How animals help us create materials on World Animal Day
Today is World Animal Day, so a good time to take a moment and appreciate how animals help us create all sorts of wonderful materials, without the need to harm them. Happy World Animal Day, to you and your pet!
Wool, felted or not, is an amazing insulator, which everyone who has ever worn a wool sweater will tell you. Even when it’s wet, it will keep you warm. It is not only great to make clothes, however. You can also use it as insulation for your house, keeping the building warm in winter and cool in summer. It is recyclable, biodegradable, and a sheep will easily grow it back, so it is also renewable!
Sheep’s wool, however, is not the only type of animal hair you can use to make materials. Alpaca wool, cashmere (the fur of the Kashmir goat), and even horse, dog, and camel hair can be used to make materials!
Antlers are extensions of the skull of male deer and grow back each year. As a result, they fall off at the end of each mating season (as opposed to horns, which are permanent). Once the antlers have fallen off naturally, they can be collected and used to make materials, for instance a beautiful mosaic.
They might not be warm and cuddly, but insects are vital to our eco system, and our materials! Many biobased materials are made from crops with are pollinated by various insects, but insects themselves can produce the ingredients as well. You can 3D print beeswax, for instance, and designer Marlène Huissoud uses insect by-products to create artistic objects.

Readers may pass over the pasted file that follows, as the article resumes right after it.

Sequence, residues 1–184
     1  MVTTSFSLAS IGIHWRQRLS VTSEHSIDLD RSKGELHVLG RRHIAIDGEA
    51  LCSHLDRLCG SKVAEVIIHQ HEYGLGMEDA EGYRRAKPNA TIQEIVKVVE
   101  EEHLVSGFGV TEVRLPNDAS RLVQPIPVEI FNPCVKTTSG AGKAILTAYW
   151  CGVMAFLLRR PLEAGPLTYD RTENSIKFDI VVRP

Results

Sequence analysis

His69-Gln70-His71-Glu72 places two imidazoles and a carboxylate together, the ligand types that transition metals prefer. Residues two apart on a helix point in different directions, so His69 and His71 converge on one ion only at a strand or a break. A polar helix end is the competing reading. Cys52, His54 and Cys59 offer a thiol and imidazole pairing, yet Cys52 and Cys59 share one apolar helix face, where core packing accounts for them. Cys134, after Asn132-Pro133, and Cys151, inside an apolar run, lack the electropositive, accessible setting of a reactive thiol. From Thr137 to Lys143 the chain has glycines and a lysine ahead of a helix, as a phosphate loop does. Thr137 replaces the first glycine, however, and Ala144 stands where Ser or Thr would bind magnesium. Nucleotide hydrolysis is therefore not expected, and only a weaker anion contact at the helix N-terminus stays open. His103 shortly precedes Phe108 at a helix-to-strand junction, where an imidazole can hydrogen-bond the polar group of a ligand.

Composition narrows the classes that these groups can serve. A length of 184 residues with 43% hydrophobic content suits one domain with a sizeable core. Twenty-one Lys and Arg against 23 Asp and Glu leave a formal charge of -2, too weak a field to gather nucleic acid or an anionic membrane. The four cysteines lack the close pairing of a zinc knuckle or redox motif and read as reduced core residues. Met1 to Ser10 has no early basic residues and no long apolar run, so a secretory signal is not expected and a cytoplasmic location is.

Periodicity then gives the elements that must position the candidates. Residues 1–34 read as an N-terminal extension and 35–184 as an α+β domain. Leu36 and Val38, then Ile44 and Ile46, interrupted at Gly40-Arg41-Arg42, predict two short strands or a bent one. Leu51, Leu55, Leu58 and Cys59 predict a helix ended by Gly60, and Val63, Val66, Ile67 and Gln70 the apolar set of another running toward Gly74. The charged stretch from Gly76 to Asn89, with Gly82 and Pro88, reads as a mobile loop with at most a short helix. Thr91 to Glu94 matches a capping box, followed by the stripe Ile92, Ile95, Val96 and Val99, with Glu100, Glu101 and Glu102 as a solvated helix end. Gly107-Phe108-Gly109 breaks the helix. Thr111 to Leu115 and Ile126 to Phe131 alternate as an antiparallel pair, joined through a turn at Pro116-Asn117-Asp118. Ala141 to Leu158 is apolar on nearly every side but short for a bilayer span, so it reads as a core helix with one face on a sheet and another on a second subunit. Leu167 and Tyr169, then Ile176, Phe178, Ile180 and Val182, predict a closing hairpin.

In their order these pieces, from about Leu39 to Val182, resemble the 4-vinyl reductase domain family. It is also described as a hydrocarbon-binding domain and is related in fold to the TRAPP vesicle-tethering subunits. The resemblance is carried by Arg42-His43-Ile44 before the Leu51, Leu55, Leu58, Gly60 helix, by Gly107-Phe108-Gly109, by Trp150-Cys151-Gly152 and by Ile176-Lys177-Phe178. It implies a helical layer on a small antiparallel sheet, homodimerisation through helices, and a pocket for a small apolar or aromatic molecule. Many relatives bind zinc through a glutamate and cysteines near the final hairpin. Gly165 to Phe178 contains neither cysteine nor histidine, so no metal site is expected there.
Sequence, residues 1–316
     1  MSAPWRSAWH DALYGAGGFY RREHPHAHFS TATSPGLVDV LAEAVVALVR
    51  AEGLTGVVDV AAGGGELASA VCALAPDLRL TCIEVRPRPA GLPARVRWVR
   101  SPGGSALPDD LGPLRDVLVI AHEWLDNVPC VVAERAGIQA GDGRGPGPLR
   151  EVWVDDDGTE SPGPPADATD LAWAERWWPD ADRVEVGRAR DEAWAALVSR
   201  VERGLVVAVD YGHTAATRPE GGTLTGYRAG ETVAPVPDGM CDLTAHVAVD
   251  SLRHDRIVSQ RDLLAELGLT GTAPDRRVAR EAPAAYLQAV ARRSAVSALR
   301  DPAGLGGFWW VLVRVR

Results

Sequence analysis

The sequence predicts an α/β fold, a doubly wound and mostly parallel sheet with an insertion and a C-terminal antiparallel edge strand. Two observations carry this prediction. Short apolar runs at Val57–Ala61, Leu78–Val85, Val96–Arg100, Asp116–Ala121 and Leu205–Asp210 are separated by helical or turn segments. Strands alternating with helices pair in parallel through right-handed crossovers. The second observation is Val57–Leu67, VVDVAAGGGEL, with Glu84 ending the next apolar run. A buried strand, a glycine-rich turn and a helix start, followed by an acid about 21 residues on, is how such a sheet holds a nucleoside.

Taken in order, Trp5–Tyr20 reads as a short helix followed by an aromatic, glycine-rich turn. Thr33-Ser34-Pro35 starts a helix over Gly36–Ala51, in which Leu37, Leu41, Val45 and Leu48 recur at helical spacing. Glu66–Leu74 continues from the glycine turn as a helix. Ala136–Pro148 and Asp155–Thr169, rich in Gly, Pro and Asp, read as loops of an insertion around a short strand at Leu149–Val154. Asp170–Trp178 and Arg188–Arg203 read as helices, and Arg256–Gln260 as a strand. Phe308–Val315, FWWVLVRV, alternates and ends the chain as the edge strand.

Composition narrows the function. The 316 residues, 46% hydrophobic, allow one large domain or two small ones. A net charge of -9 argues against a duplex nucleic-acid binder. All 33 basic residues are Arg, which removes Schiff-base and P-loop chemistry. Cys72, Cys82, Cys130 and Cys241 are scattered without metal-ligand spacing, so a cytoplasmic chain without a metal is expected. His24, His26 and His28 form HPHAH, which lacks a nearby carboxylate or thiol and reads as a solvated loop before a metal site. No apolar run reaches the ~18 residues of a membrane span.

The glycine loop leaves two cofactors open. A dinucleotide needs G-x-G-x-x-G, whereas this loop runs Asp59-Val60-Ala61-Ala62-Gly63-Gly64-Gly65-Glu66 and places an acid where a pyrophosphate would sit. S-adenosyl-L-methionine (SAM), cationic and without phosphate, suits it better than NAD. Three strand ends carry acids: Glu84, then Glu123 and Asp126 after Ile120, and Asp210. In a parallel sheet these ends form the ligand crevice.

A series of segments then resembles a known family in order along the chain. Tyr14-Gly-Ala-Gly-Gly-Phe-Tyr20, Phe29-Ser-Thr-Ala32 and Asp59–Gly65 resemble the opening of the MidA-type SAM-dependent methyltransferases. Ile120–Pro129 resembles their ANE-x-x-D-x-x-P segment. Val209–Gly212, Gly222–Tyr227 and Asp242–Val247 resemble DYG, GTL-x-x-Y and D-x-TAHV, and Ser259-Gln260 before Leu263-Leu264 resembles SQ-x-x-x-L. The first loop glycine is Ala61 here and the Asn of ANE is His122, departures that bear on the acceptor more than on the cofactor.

While it may sound a bit icky, animal poo is a valuable resource. It does not only work as a fertiliser, but you can also make materials out of them. Examples include paper and biodegradable flowerpots, but you can also use it to make terracotta. The project Mestic uses cow dung to make paper, plastic and even textile.
We do not need to use animal products to be inspired by animals for our materials. Researchers and designers alike are turning to nature, and thus also to animals, for better, stronger and more beautiful materials.
Researchers have been looking at squids and jellyfish for smart materials with camouflaging capabilities. Fish and reptile scales have been an inspiration for strong, flexible, and protective materials. Butterfly wings inspire hydrophobic material. Insulating materials inspired by sea otters and polar bears could soon keep you at a comfortable temperature. Various companies have been trying to replicate the tensile strength of spider silk. Animal-free leather is also up and coming.
But not only materials are inspired by animals, designs are as well. Architectural firm Choi+Shine Architects, for example, created large installations inspired by sea urchins. Scientists based the shape of wind turbine blades on the shape of the fins of humpback whales. Various design and architectural studios have used the patterns of butterfly and dragonfly wings as inspiration.
How will your favourite animal inspire your (material) design?